United Technologies has promised investors they would cut $500 million in costs every year for the foreseeable future. The president of the Climate, Controls & Security division told investors on a conference call recently that two-thirds of their manufacturing has already shifted to low-cost countries, and that “there’s some opportunity there” to shift more. This is entirely driven by the stock price, disassociated from United Technologies’ robust sales and profits. Executive compensation tied up in stock options or stock performance leads to a loyalty to shareholders that far exceeds loyalty to workers.
I doubt that the long-range survival of Carrier’s air conditioner business is best achieved by laying off experienced, skilled and loyal employees and replacing them with new employees who will work cheap because they are motivated by fear.
The reason I doubt it is not based on any specific knowledge of UT or Carrier, but on the fact that UT management is not quoted as saying anything about long-range strategy for survival and growth, only about extracting money from the corporation.
Cutting costs is not the same thing as increasing efficiency. There are sayings about “penny-wise and pound-foolish” and “killing the goose the lays the golden eggs”.
This transfer of wealth, from hard-working employees who create value to passive shareholders who take checks out of envelopes, is a redistribution of income.
Most of us Americans don’t see this because we’ve swallowed a neoliberal philosophy that causes us to think of upward redistribution as part of the natural order of things. Freeing ourselves from this mental shackle is the first step in reform.
Here are some possible next steps.
The actions of Carrier and the rest of corporate America reflect a system in which investors come first, and the primary goal of business is to maximize profits. We need a system in which investors are just one of many constituencies, and the financial goal is to maximize the probability of remaining profitable over an extended time horizon. Profit has to become a means, not an end.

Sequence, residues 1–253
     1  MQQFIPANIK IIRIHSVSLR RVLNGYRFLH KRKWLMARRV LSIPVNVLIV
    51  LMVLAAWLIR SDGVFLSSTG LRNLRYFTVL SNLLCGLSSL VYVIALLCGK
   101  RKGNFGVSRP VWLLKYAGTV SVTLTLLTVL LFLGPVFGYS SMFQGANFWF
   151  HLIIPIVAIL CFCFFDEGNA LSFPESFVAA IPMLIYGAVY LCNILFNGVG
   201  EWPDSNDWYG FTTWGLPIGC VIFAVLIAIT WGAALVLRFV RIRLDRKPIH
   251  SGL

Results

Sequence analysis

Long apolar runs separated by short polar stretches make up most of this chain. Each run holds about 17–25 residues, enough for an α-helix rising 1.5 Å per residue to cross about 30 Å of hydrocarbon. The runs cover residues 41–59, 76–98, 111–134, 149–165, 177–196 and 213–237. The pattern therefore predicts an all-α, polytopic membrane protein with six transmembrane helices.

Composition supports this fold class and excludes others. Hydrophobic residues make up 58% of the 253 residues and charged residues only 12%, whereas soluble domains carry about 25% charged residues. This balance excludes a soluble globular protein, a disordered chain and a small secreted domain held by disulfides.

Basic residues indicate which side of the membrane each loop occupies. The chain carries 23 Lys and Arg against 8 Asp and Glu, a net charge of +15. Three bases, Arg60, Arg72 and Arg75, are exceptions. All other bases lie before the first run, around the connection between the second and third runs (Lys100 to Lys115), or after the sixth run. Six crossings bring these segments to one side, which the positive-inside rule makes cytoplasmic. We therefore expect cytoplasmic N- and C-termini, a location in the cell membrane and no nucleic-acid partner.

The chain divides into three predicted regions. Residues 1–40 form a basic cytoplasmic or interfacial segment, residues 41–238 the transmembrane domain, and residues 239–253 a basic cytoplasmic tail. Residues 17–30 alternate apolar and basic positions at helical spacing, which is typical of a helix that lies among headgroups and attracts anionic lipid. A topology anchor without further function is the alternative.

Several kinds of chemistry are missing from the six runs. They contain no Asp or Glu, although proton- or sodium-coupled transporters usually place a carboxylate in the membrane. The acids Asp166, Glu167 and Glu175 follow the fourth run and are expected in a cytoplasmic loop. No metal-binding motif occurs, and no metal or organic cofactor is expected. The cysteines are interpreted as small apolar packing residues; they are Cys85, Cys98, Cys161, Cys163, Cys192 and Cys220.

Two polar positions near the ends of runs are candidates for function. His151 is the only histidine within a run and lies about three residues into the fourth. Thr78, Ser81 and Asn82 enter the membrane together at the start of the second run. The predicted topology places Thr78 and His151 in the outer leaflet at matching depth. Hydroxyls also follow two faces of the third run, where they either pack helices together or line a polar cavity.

The socialist agenda, as I understand it, is about the many reforms that move us closer to such a world. It includes worker participation in corporate governance, but also representation of other community interests. It can include measures to broaden ownership, including a role for public and social ownership vehicles along with private ones.
Financial reform also has a large contribution to make, especially if it expands the role of public and cooperative banking. Consideration should also be given to measures that would alter the incentives to issue preferred rather than common stock or otherwise attenuate the connection between ownership and control. [snip]
And this is just the beginning: once you start thinking about it, you can see the agenda is enormous, especially because it’s been in mothballs for generations.
Stockholders aren’t really owners in the way that the individual or family owners of a restaurant or a laundry are owners. Corporate person-hood and limited liability shield them from any individual responsibility or liability for the companies they supposedly earn. So they’re not entitled to say that they are their corporate owners and their interests come before everyone else.
The Lesson of Carrier by Peter Dorman for EconoSpeak.
Hundreds protest Carrier layoffs outside Indianapolis plant by James Garibaldi for WTTV Indianpolis.